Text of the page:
Friday, November 2, 2007

How publishers can tie authors up in knots

Is it reasonable for an anthology to expect first publication rights when a) 'all rights remain with the author' is specified in the submission guidelines and b) they are not paying you anything? It seems from what I read that first publication rights are something you specifically sell in a contract. A short story of mine was recently withdrawn from an anthology at the last minute because it appeared in another publication (I wasn't aware of the latter until after I okayed the former). Neither of these publications asked me to sign anything. I understand the courtesy, but isn't the onus on the publisher to specify what 'previously unpublished' means?

It does sound as if you've ended up in a tangle entirely not of your own making. (And for clarity let's call the first publisher you mention - the one who ended up saying no - Publisher A, and the other is Publisher B.) It's hard to know exactly what to say without knowing the specifics of each publication, but it does seem a bit draconian of Publisher A to withdraw your story. The idea of 'first publication' rights would be for the first publisher, whoever that is, to have the commercial advantage - but unless your story's presence in Publisher B's anthology was going to mean that no one would buy Publisher A's anthology, there was no commercial reason to pull your story. Especially when, as you point out, they're not paying you and you haven't assigned any rights in a contract. And I'm presuming Publisher A didn't say 'you cannot submit your story to anyone else while you wait for our decision'. So they're being churlish. And there's not much you can do about it.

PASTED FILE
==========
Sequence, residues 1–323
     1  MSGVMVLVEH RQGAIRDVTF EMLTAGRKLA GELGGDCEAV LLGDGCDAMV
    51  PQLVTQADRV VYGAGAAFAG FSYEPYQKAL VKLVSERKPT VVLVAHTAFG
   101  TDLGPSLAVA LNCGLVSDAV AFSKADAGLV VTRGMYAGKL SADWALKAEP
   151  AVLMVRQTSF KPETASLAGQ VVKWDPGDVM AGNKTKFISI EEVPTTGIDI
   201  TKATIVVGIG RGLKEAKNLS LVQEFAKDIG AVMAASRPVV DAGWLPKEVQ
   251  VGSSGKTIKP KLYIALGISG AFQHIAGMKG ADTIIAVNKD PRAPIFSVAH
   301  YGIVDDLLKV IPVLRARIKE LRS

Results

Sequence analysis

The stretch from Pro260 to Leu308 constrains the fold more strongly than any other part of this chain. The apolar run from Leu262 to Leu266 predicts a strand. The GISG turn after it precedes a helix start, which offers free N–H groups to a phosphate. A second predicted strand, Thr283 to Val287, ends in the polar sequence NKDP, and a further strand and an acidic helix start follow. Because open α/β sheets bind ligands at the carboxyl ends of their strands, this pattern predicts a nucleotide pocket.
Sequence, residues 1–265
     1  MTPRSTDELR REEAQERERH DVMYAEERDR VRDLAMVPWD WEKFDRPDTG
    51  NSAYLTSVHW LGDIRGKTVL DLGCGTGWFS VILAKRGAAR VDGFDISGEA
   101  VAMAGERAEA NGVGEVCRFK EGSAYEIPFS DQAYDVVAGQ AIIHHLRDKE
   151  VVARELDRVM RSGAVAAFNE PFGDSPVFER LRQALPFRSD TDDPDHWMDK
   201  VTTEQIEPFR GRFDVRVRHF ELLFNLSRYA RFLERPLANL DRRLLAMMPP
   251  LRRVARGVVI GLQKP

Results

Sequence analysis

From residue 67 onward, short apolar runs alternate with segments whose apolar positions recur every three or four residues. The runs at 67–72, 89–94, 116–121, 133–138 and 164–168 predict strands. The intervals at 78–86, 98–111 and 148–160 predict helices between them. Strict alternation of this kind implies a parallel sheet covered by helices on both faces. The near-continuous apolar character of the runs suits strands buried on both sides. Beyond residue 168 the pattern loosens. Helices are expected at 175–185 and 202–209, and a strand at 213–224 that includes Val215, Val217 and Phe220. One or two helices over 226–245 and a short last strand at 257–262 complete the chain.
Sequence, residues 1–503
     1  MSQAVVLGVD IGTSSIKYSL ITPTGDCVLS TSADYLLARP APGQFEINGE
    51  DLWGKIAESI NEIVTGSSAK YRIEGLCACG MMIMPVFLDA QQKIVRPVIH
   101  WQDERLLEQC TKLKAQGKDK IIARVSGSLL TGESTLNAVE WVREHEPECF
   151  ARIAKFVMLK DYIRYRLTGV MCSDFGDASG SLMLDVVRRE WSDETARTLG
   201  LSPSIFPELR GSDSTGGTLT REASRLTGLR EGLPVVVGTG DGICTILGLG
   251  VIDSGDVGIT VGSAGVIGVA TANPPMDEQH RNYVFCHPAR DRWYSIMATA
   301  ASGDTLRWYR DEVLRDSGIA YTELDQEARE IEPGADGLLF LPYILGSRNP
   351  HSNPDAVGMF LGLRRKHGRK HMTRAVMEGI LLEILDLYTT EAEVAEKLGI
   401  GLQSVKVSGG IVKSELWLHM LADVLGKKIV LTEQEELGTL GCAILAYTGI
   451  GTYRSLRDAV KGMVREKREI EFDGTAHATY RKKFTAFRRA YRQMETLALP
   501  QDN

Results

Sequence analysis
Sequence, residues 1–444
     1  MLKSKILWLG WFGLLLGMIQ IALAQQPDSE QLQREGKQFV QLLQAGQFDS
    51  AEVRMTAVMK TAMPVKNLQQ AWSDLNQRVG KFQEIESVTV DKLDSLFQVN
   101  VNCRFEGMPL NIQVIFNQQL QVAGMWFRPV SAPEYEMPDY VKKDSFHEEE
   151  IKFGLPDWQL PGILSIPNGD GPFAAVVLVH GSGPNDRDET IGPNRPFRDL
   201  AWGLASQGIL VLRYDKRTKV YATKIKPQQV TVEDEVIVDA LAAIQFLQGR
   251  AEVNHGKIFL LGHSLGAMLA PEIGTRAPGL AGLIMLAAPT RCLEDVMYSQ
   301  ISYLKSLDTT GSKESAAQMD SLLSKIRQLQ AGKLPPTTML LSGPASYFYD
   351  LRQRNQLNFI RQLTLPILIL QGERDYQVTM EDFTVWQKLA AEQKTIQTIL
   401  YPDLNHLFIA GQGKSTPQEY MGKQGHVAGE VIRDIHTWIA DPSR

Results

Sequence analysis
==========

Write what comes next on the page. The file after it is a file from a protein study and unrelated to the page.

No comments: